First UMC takes the safety of the children and youth very seriously. We follow Safe Sanctuaries® practices, which is our commitment to the physical safety and spiritual growth of all of our children, youth, and adults.
Safe Sanctuaries® Practices at First UMC
- Every year First UMC mandates that each employee on the First UMC campus take part in a Safe Sanctuaries® class. This includes all Preschool staff and church office staff, Youth leaders, Vacation Bible School volunteers, and Sunday School teachers.
- Topics covered include: education and information on child abuse and requirements for mandated reporters, volunteer supervision guidelines, policies and guidelines within each ministry to ensure safety for children, youth and volunteers.
- Anyone who has access to or works with children, youth, or vulnerable adults has a background check prior to interaction with them.
If you have any questions or would like more information, please email Tricia Guerrero, Pastoral Associate for Family Ministries at: firstname.lastname@example.org.
Senior Minister, Rev. Patricia Farris, says, “First UMC has long valued our ministries with children and youth, our Preschool, and our outreach to children in the community. We seek to under-gird the well-being and spiritual formation of each precious child of God in our care. Our comprehensive Safe Sanctuary policy and practice brings everyone into this web of care. We give thanks to God for this thriving community of faith, growth, joy, and love.”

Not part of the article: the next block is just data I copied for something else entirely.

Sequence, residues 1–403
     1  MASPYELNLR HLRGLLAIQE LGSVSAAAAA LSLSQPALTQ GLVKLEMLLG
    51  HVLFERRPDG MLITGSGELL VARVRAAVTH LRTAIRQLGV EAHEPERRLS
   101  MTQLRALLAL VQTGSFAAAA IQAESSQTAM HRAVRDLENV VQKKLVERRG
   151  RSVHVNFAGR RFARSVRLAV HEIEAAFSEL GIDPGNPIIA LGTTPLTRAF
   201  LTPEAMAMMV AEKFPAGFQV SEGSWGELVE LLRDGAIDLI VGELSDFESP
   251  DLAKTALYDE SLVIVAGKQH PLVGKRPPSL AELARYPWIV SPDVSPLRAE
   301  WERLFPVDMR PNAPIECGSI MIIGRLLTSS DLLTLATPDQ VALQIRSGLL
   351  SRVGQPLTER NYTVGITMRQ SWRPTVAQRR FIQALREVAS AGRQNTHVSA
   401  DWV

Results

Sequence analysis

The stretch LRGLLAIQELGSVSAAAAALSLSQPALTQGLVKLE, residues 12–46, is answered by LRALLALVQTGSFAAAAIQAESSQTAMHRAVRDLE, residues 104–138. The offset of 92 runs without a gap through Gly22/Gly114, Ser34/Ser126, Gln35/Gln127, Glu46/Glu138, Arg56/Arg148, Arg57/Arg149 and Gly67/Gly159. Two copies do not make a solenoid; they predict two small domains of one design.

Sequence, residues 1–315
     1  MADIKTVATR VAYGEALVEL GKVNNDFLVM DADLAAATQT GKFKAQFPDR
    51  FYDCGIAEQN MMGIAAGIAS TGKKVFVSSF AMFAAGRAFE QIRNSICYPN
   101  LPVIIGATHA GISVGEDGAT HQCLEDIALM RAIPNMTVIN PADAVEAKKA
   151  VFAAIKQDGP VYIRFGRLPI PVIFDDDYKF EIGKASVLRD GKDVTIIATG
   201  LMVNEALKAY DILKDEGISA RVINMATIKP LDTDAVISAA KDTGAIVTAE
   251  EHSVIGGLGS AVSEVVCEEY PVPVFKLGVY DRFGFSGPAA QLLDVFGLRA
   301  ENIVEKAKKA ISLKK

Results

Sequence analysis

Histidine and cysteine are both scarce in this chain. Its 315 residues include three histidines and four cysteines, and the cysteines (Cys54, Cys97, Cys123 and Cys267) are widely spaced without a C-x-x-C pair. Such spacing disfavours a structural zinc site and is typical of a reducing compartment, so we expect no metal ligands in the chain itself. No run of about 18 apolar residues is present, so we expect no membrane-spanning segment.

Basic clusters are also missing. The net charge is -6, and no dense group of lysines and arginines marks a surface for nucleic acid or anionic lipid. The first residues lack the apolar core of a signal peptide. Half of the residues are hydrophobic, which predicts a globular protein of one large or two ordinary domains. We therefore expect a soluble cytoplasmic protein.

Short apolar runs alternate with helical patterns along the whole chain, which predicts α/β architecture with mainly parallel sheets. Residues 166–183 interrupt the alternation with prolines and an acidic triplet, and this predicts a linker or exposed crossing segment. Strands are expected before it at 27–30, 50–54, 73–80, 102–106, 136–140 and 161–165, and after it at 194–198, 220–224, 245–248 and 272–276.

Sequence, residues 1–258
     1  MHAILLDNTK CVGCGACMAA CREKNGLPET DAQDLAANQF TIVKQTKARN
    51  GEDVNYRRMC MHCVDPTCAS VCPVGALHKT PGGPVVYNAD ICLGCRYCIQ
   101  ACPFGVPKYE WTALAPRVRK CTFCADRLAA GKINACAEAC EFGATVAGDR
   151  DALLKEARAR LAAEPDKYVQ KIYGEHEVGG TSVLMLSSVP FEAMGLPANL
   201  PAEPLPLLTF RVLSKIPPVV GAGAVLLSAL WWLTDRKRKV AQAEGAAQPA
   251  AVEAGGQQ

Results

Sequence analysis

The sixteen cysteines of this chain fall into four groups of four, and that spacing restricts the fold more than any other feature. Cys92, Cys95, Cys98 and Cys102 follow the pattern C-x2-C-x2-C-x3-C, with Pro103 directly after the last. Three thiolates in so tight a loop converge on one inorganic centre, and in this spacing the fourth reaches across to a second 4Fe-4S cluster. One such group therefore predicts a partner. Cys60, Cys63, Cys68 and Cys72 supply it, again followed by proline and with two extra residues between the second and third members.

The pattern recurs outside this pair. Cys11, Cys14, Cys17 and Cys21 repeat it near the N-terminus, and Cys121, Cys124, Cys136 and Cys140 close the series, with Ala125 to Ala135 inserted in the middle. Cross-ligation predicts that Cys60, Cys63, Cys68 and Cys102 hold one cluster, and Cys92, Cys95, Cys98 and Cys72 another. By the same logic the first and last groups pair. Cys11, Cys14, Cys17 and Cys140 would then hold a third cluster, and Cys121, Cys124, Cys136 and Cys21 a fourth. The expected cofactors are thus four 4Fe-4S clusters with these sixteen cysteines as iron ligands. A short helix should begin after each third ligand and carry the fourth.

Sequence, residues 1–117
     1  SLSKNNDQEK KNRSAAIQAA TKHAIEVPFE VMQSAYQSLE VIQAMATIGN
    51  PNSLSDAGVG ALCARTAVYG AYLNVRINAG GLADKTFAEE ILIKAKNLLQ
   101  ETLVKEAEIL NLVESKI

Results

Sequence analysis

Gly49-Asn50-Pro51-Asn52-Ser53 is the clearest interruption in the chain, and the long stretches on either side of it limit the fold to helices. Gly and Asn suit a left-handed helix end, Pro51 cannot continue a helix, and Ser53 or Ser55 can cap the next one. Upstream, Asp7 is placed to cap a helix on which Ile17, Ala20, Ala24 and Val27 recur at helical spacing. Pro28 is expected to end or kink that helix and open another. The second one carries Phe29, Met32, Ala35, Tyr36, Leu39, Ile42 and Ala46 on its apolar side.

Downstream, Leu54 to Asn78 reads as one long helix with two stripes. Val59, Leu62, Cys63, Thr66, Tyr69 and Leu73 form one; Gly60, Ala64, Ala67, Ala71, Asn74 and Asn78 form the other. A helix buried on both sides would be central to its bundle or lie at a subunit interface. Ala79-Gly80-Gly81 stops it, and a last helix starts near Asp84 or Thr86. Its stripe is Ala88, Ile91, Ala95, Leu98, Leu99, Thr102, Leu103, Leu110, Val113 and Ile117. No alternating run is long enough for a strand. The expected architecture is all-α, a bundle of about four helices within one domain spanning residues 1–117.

The History of Safe Sanctuaries®
In 1990, Frank O’Neal, a teacher in Tennessee, set up a fund in honor of his mother and his wife to challenge and assist local congregations in ministering to families and children, targeted toward prevention, intervention, and elimination of child abuse. He believed that if information on abuse was made available to pastors that they would act. The first brochure listed resources that were available through The UM National Youth Ministry Organization, The General Board of Global Ministries, The General Board of Discipleship, United Methodist Communications, and The United Methodist Association of Health and Welfare Ministries. There was so much demand for the brochures that they had to put all of the secretaries on processing duties to keep up with it. The 1996 General Conference of The United Methodist Church adopted (and subsequently readopted) a resolution aimed at reducing the risk of child sexual abuse in the church. Today, each Annual Conference of The United Methodist Church has a written and easily accessible policy. These policies stress the importance of the Biblical mandate from Matthew 19:14, “Allow the children to come to me, don’t forbid them, because the kingdom of heaven belongs to people like these children.” (Common English Bible)